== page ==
Contact:  Eric White, ericwhite@fs.fed.us

 

More information: Comparison of USDA Forest Service and stakeholder motivations and experiences in collaborative federal forest governance in the Western United States


What's New

Forest Service Deputy Chief for Research and Development Carlos Rodriguez-Franco recently recognized landscape ecologist Paul Hessburg with a Deputy Chief’s Distinguished Science award. Hessburg was selected for the honor for his groundbreaking contributions to the science of landscape ecology and his exceptional leadership and for science delivery in service to natural resource management.


For more information: Agency scientists recognized with Deputy Chief’s Awards

 

 

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TOOL


Envision agent-based landscape model


This geographic information system-based modeling framework simulates fire behavior, forest succession, and forest management across multiple ownerships in large fire-prone landscapes. Researchers can use it to explore how human decisionmaking affects fire behavior, forest succession, wildlife habitat, and ecosystem services across multi-ownership landscapes. It has been used with forest collaboratives in central Oregon who designed management scenarios that researchers then simulated with the model. The tool is primarily intended for use by researchers or managers with computer modeling expertise. 


How to get it: http://envision.bioe.orst.edu/   


Contacts: Thomas Spies, tspies@fs.fed.us; Alan Ager, aager@fs.fed.us; Eric White, ericwhite@fs.fed.us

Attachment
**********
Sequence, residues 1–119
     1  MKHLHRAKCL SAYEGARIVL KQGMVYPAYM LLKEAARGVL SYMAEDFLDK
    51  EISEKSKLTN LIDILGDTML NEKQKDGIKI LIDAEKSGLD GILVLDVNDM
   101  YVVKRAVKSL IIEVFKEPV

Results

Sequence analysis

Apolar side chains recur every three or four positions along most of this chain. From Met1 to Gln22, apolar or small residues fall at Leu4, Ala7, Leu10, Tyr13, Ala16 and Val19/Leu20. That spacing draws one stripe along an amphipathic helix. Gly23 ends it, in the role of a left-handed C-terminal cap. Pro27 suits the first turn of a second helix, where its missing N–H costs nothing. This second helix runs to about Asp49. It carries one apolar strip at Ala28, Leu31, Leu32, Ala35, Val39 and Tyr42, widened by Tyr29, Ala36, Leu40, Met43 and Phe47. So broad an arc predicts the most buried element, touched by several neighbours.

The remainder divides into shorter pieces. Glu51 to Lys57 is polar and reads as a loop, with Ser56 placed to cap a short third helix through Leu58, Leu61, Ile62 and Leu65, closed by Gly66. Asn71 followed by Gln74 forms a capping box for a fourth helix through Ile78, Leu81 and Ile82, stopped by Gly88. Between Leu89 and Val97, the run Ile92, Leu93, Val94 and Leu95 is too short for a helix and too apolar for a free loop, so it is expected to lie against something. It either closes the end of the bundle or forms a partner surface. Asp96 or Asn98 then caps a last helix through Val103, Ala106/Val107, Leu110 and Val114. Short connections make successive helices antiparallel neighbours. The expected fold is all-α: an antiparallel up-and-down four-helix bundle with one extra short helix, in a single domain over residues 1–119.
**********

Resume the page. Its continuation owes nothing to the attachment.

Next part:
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Featured Scientist

Eric White, Research Social Scientist.Forests, public lands, and open spaces contribute to human well-being in many ways. Research social scientist Eric White helps land managers, policymakers, and communities understand the social and economic outcomes of some of the most immediate and meaningful ways in which people and landscapes interact, such as through outdoor recreation, addressing wildfire risk, and collaborative natural resource management.

 

White has a master’s degree in forestry and a Ph.D. in natural resource policy and economics. His work frequently explores social and economic trends related to public lands and rural landscapes. For example, he has studied rural land development, projecting that the developed area in the United States will increase by 22 million between 2003 and 2030. He also studied how natural amenities in rural areas (such as scenic views, open space, lakes and rivers, or public land) influence property values.